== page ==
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Compound management is the organization and control of a library of pharmaceutical compounds. These can include chemicals as well as biological samples. All of them need to be tested to determine their properties and activities to determine if they are suitable for drug development. Materials with no current or known applications may be filed for later research, in case they turn out to be useful in the future. Large pharmaceutical companies can have substantial collections of samples for research, requiring considerable coordination of their libraries.
One issue with compound management, as with libraries of other materials, is the development of an effective cataloging method. Materials need to be stored in a logical way, with clear labels and tagging to make them easy to identify. This information is stored in a database to make it possible to research materials and quickly find out where they are. Some facilities have an automated component, like a robot that retrieves samples, requiring additional systems integration.
Another concern is climate control. Some compounds are extremely fragile, while others may be more robust, but they all need to be stored in controlled conditions. This inhibits bacterial growth, prevents spoilage, and reduces the risk that a compound will be inactive when it’s taken out for evaluation and research. Personnel responsible for compound management may need to monitor climate control systems in addition to periodically testing samples for integrity to make sure everything in storage is still safe.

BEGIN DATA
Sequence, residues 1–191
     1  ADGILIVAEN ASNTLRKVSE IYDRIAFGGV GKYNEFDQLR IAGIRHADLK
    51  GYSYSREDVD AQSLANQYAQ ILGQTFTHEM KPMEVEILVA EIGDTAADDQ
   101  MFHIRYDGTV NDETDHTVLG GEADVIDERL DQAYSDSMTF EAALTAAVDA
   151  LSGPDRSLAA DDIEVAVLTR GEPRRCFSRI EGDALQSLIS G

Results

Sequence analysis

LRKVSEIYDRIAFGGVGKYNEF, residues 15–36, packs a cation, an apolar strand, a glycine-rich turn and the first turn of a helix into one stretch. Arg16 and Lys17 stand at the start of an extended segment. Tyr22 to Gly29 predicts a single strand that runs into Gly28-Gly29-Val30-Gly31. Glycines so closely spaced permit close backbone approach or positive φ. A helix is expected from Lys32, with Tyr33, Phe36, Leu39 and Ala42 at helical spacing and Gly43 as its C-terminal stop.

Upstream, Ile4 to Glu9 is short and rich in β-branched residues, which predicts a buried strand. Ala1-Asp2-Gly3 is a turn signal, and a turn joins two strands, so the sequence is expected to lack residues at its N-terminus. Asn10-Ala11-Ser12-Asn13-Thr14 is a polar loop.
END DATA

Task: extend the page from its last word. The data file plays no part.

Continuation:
As researchers call for new compounds to work with, staff can determine which should be prioritized and subjected to assay on the basis of compound management protocols. In chemical assays, materials are screened to develop a detailed profile of their construction and properties. This helps researchers determine how they might work in the body and provides opportunities to identify compounds with pharmaceutical applications. From initial assay to release on the market, a drug may be in development for 10 years or more.
Lengthy lead times on drug development are a cause for concern at some companies. They want to keep drugs in constant development so they can have a steady supply of new releases. Streamlining compound management, testing, and development can speed the time between the discovery of a useful compound and its release on the open market. This also increases patient access to valuable medications, including the next generation of drugs for diseases that may not be responding to existing treatment options.
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